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At the National Grid

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Album Review

The Bats' first album in ten years starts off perfectly with the low-key "Western Isles," with Robert Scott and Kaye Woodward singing delicate harmonies while the guitars gently hum behind them. It is a lovely welcome back, and not only do they pick up where they left off, At the National Grid may be their best album since Daddy's Highway. If you know your New Zealand pop or college rock history, that's really saying something. That record was a masterpiece of understated emotion that sounded completely unique and true. This record is lighter in tone, more cleanly recorded, and almost as powerful. The songs are perhaps the most diverse-sounding batch they have released yet, ranging from the slow-burning "Pre War Blues" and the noisy instrumental "Hubert" to the sweet-as-pie "Bells," the clattering indie rocker "Things," and the bouncy "Flowers & Trees." Of course, they all sound like the Bats, with Scott's fragile but forceful vocals, the jangling, intertwining guitars from Scott and Woodward, Paul Kean's melodic and up-front bass, Malcolm Grant's simple but rock-solid drumming, and — above all — poignant and lively songwriting. In fact, Robert Scott is at the top of his considerable talents here, crafting tunes that linger long after the record is over. Maybe that is one of the benefits of taking ten years off. Woodward's one song, the surging drone rocker "Mir," is a gem, too, and her vocal harmonies are as sparkling as ever. In fact, the whole band is as sparkling as ever, and having the group back at such a high level is as refreshing as a plunge into an ice-cold mountain stream. Indeed, after 23 years with the same lineup and after having taken ten years off, you would expect a band to come back and rest on its laurels by playing the old hits to the faithful. Thankfully, not the Bats.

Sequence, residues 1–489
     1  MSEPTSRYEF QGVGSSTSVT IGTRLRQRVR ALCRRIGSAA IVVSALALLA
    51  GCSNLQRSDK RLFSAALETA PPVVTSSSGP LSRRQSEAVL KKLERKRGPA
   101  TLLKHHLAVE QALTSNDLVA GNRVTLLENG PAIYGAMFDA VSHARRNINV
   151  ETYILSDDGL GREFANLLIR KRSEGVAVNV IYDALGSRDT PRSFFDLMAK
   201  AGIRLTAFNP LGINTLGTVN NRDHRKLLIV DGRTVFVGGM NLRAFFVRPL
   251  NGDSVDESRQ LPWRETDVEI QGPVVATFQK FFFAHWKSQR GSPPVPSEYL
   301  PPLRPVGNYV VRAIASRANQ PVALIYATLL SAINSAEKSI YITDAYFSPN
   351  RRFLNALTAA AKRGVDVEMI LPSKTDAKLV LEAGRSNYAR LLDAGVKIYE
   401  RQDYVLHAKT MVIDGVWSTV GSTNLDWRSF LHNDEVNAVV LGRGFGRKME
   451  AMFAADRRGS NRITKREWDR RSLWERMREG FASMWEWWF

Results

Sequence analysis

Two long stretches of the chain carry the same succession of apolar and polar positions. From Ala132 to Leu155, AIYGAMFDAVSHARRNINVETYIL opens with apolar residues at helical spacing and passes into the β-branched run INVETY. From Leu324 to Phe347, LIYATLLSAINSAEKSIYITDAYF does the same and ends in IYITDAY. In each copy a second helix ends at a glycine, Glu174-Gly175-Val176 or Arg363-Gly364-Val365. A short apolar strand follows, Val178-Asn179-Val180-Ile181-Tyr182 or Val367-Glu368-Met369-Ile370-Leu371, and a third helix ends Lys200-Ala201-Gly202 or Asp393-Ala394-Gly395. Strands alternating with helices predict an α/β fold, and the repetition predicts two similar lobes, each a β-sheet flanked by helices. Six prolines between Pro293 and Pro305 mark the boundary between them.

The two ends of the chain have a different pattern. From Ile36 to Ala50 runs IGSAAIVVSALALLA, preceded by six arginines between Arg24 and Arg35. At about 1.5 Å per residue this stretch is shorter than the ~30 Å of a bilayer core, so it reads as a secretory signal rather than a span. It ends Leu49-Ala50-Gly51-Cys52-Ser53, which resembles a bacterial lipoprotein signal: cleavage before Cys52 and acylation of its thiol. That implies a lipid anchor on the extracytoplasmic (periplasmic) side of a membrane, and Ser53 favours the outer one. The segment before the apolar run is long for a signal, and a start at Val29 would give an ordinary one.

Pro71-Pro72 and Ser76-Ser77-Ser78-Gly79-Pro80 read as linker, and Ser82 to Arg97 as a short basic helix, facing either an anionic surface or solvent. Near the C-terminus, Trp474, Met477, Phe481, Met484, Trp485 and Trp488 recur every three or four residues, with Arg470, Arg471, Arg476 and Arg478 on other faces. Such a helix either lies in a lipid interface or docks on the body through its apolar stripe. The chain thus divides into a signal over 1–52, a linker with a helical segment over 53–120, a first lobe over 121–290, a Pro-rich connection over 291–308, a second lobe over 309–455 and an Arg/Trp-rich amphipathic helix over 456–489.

Customer Reviews

I love the bats and have since 1989

Seen them at NYC'S Knitting factory a million years ago and so happy they just released this new record(!!!). Not since "tragedy" has a song moved me like "Bells" and the record has so many beatuful moments like that-buy it dammit. This band, more than any other, is like this weird comfort food for me, I think of them as a delicate band not unlike the REM of reckoning era or the earliest velvet underground. Just buy every record and pray they finally get to a live dvd!!!!!

The Bats are back!?!

Good heavens... who would have thought a Bats comeback possible? This album doesn't depart much from their classic sound, and still managed to catch my attention with select tracks. Diehard Bats fans may likely want to download the whole album, while the more picky should check out "Up to the Sky", "The Rays" and "Things".


Formed: 1982 in Christchurch, New Zealand

Genre: Alternative

Years Active: '80s, '90s, '00s, '10s

Yet another outgrowth of the seminal Clean, the Bats are an institution on the New Zealand music scene, their melancholy jangle pop sound and infectious melodies consistently defining the kiwi rock aesthetic at its very best. The Bats were formed in Christchurch in 1982 by ex-Clean bassist Robert Scott, ex-Toy Love bassist Paul Kean, singer/multi-instrumentalist Kaye Woodward, and drummer Malcolm Grant; with Scott adopting lead vocal and guitar duties as well as serving as the Bats' chief songwriter,...
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